Legalizing Othering: Interview with Evelyn Nakano Glenn

Interview

September 08, 2017

Evelyn Nakano Glenn: A Comparative Historical Perspective on Contemporary Islamophobia

Evelyn Nakano Glenn is Professor of the Graduate School (Ethnic Studies and Gender and Women's Studies) at the University of California, Berkeley. Her scholarly and political interests focus on race, gender, immigration, labor, and citizenship. She is the author of Forced to Care: Coercion and Caregiving in America (Harvard University Press); Unequal Freedom, How Race and Gender Shaped American Citizenship and Labor (Harvard University Press); and Issei, Nisei, War Bride: Three Generations of Japanese American Women in Domestic Service (Temple University Press). Professor Glenn is a past-president of the American Sociological Association and Founding Director of the Center for Race and Gender at UCB.
 
Q1: How does the current wave of Islamophobia, anti-Muslim sentiment, and actions of the federal government reflect discriminatory practices of the past, where excluded groups were criminalized and othered in the United States?

Perhaps the closest historical parallel to contemporary Islamophobia is the anti-Asian movement of the late 19th and early 20th centuries.  During the nineteenth century, whites viewed Chinese immigrants as “the other,” perpetual foreigners incapable of assimilating into American society. Chinese immigrants were portrayed by hate mongers as threats to white labor and as bearers of disease and immorality. They were targeted by mob violence and driven out of many Western cities and towns. The anti-Chinese movement finally triumphed in 1882, when the US Congress passed the Chinese Exclusion Act, the first US law to bar entry to the US on the basis of race or country of origin. The Japanese, who succeeded the Chinese as immigrants to the US starting in the 1880s were also viewed as “foreign” and unassimilable.  In response to anti-Japanese sentiment, Congress passed legislation in 1918 and 1924 that barred immigration from the entire Asian subcontinent and denied the right of Asian immigrants to become naturalized citizens.  When World War II broke out, it was an easy step to view Japanese Americans, even those born in the US as disloyal enemy aliens and as potential fifth columnists. Rationalized at the time as a wartime necessity, the federal government rounded up 120,000 Americans of Japanese ancestry living on the west coast of the United States and interned them in concentration camps. Race and national origin were finally removed as criteria for entry with the passage of the 1965 Immigration and Naturalization Act. However, nearly 50 years later, calls for new bars have arisen, but now targeting Muslims. In 2017, President Trump attempted to carry out his campaign promise to keep potential Muslim terrorists out of the US by issuing an Executive Order to bar entry from seven predominately Muslim countries. And, as with the case of  Japanese Americans during World War II,  the “War on Terrorism” has been used as an excuse by some Americans to call for similar extreme measures to deal with American Muslims.  Kris Kobach, Secretary of State of Kansas and member of Donald Trump’s transition team, stated that the new administration might reinstate a registry of US Muslims from countries where terrorists are active.  Not long after Trump’s election victory, a spokesperson for a right-wing super PAC and supporter of Trump, Carl Higbee, appeared on Fox News to promote the creation of a Muslim Registry, citing the registration and internment of Japanese Americans as a precedent.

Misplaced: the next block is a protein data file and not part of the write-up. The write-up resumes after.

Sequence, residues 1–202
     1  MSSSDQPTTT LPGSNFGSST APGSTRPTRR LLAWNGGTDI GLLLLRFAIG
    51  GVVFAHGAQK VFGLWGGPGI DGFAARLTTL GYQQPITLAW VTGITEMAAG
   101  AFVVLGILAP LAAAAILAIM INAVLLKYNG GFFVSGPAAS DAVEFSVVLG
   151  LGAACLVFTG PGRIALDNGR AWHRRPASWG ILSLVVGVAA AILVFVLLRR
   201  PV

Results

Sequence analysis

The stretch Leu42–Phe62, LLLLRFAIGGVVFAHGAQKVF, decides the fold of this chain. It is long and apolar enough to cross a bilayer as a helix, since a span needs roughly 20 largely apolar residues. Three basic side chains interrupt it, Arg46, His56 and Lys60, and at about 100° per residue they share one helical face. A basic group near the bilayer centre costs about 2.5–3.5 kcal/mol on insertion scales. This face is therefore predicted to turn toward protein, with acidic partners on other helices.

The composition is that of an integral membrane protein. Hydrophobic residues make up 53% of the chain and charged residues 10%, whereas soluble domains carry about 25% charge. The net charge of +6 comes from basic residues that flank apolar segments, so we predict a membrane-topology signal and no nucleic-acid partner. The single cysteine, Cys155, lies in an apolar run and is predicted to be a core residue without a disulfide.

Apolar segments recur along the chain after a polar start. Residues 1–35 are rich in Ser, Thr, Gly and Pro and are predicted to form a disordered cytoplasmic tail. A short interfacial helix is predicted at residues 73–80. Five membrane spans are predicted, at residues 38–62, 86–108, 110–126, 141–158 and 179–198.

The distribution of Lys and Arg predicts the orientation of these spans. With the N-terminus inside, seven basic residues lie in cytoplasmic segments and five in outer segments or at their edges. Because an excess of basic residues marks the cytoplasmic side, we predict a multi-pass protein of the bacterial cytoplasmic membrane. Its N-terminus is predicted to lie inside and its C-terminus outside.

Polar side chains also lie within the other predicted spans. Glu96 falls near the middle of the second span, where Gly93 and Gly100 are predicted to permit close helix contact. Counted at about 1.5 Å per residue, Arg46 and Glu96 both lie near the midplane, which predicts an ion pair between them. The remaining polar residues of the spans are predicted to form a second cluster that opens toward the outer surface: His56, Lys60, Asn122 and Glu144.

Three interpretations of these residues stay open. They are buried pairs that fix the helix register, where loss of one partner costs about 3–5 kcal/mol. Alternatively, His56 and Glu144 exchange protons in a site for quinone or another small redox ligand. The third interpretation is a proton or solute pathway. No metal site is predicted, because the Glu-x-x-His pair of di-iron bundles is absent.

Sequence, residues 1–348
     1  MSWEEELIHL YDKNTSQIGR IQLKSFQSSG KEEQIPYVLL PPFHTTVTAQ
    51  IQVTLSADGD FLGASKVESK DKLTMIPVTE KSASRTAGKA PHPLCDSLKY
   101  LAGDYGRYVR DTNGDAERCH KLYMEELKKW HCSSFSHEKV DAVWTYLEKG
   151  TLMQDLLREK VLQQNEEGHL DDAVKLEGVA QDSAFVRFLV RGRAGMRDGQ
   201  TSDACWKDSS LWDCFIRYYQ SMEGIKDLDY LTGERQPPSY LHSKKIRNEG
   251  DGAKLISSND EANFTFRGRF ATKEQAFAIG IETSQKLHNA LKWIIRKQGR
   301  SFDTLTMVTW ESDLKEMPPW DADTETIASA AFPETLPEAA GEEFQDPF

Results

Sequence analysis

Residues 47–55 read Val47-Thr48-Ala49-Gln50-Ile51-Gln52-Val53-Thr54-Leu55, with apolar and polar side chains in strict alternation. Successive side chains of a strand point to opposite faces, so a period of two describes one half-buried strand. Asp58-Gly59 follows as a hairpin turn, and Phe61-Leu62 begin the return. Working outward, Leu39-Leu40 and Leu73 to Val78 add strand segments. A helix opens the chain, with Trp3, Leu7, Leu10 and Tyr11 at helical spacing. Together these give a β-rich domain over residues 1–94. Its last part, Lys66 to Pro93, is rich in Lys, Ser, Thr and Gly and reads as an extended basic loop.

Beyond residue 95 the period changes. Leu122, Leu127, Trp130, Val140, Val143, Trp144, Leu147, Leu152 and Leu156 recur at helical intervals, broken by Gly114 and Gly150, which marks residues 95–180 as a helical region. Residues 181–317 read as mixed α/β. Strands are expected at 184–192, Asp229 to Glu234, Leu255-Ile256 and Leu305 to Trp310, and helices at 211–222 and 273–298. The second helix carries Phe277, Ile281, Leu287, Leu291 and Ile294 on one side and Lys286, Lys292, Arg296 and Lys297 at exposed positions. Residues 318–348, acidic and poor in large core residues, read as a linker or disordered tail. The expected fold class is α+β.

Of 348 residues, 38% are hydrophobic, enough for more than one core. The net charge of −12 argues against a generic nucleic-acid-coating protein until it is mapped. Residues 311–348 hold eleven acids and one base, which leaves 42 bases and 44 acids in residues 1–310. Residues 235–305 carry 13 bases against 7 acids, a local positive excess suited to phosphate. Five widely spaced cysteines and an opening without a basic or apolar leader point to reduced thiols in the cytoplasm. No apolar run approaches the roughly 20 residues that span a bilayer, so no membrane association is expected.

Q2: How do local practices affect citizenship rights, and how do we see this unfolding in relation to Islamophobia and Muslim Americans? And how do efforts on behalf of the American public and government to other a specific group of people affect consequences on us all?
I strongly believe that local practices are important elements in creating or denying substantive citizenship—that is, the ability to actually claim and practice the rights that US citizens are supposed to enjoy.  The question here is, do local officials and members of the public recognize you as a “real” American and therefore as entitled to rights?   The “othering” of Muslims as terrorists, Latinos as illegal immigrants, Asians as unassimilable aliens has meant that anyone who “looks” Muslim, Latino, or Asian Americans are seen as not belonging.  They therefore become vulnerable to being denied recognition as Americans and therefore may be arbitrarily deprived of civil and political rights to which they are entitled. 
 
At the same time, one of the things we should be inspired by is that local practices can also expand citizenship rights for those who are targeted for incarceration and deportation by federal laws and federal enforcement agencies. Local officials and citizens have set up sanctuary policies to protect law-abiding undocumented immigrants from being criminalized and separated from family members. When President Trump issued the above mentioned Executive Order, an estimated 1,000 lawyers rushed to more than a dozen airports with incoming flights from abroad  to offer legal advice and assistance to individuals and families arriving from the targeted countries.  They worked inside the terminals, while thousands of “ordinary” Americans engaged in demonstrations outside to show their opposition to Trump’s travel ban and their support for those being detained inside.
 
 
**Interview edited for clarity